source: Dave Smith,son of Donald V Smith

Canada Source Canadian Virtual War Memorial

Commonwealth War Graves Commission Commonwealth War Graves Commission

Find-A-Grave.com Find-A-Grave.com

Canada Primary Source Library and Archives Canada Service Files (may not exist)

Pilot Officer Elmer Robert Vance was exhumed and reburied.

Crew on Stirling Mk. I R9261

Short Stirling

Source: Harold A Skaarup Web Page (L. Faux Photos)
In June 1944, this Short S.29 Stirling B Mk. IV (Serial No. LK589), coded V3, RAF, was flown across the Atlantic as part of a navigation training exercise and did a tour of bases in Eastern Canada. It is shown here at Malton, Ontario. It was flown back to the UK after a two-week visit.

The Short Stirling was a British four-engined heavy bomber of the Second World War. It has the distinction of being the first four-engined bomber to be introduced into service with the Royal Air Force (RAF).

The Stirling was designed during the late 1930s by Short Brothers to conform with the requirements laid out in Air Ministry Specification B.12/36. Prior to this, the RAF had been primarily interested in developing increasingly capable twin-engined bombers but had been persuaded to investigate a prospective four-engined bomber as a result of promising foreign developments in the field. Out of the submissions made to the specification Supermarine proposed the Type 317, which was viewed as the favourite, whereas Short's submission, named the S.29, was selected as an alternative. When the preferred Type 317 had to be abandoned, the S.29, which later received the name Stirling, proceeded to production. In early 1941 the Stirling entered squadron service. During its use as a bomber pilots praised the type for its ability to out-turn enemy night fighters and its favourable handling characteristics whereas the altitude ceiling was often a subject of criticism. The Stirling had a relatively brief operational career as a bomber before being relegated to second line duties from late 1943. This was due to the increasing availability of the more capable Handley Page Halifax and Avro Lancaster, which took over the strategic bombing of Germany. Decisions by the Air Ministry on certain performance requirements (most significantly to restrict the wingspan of the aircraft to 100 feet) had played a role in limiting the Stirling's performance; the 100ft limit also affected earlier models of the Halifax (MkI & MkII) though the Lancaster never adhered to it.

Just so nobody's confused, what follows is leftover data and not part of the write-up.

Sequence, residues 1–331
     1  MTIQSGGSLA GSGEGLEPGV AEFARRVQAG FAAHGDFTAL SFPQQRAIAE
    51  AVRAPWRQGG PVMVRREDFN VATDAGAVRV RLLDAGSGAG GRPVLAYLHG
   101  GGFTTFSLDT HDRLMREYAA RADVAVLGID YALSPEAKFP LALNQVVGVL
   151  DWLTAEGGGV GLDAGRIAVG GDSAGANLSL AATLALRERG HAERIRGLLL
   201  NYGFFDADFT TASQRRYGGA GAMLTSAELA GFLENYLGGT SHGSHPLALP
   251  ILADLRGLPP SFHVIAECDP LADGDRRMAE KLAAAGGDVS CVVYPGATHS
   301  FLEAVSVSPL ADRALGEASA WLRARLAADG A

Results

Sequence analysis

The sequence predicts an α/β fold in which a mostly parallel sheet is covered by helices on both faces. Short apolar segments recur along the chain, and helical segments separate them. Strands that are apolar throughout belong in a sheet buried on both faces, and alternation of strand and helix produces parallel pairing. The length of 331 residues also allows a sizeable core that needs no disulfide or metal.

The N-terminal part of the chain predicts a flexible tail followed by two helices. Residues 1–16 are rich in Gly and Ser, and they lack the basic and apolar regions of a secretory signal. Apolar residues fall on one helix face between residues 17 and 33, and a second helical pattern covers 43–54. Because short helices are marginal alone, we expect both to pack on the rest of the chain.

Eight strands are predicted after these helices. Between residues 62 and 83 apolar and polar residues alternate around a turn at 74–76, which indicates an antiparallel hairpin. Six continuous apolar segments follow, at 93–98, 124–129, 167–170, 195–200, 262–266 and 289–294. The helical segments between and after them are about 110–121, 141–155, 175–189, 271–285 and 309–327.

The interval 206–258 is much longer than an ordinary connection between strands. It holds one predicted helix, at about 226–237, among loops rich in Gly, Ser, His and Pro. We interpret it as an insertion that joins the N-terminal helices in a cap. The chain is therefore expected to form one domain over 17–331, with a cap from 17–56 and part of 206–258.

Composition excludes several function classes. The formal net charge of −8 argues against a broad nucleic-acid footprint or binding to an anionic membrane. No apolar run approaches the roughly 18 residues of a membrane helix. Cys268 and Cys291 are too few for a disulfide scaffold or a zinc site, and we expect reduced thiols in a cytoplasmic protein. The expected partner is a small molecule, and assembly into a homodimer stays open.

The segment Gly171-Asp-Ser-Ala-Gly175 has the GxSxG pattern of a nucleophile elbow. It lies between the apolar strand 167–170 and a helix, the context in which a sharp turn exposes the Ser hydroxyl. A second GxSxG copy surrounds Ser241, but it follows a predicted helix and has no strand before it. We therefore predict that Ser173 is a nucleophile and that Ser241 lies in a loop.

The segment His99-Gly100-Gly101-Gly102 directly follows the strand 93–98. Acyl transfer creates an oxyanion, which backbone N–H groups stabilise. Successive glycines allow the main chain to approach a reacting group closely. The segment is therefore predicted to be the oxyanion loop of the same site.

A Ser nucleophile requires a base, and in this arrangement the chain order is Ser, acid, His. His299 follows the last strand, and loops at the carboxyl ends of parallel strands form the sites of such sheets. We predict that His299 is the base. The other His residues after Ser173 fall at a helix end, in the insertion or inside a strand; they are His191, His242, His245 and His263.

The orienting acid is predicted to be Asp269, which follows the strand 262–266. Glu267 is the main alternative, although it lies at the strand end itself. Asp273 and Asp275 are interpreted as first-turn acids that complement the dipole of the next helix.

During its later service, the Stirling was used for mining German ports; new and converted aircraft also flew as glider tugs and supply aircraft during the Allied invasion of Europe during 1944"“1945. In the aftermath of the Second World War, the type was rapidly withdrawn from RAF service, having been replaced in the transport role by the Avro York, a derivative of the Lancaster that had previously displaced it from the bomber role. A handful of ex-military Stirlings were rebuilt for the civil market. Wikipedia

Wkikpedia Wikipedia Short Stirling

General Harold A Skaarup Web Page

CASPIR Aircraft Groups:
Canadian Aircraft Losses (395)
last update: 2021-10-15 17:38:33

Stirling Mk. I R9261



7 (PFF) Sqn- Squadron (RAF) Per Diem Per Noctem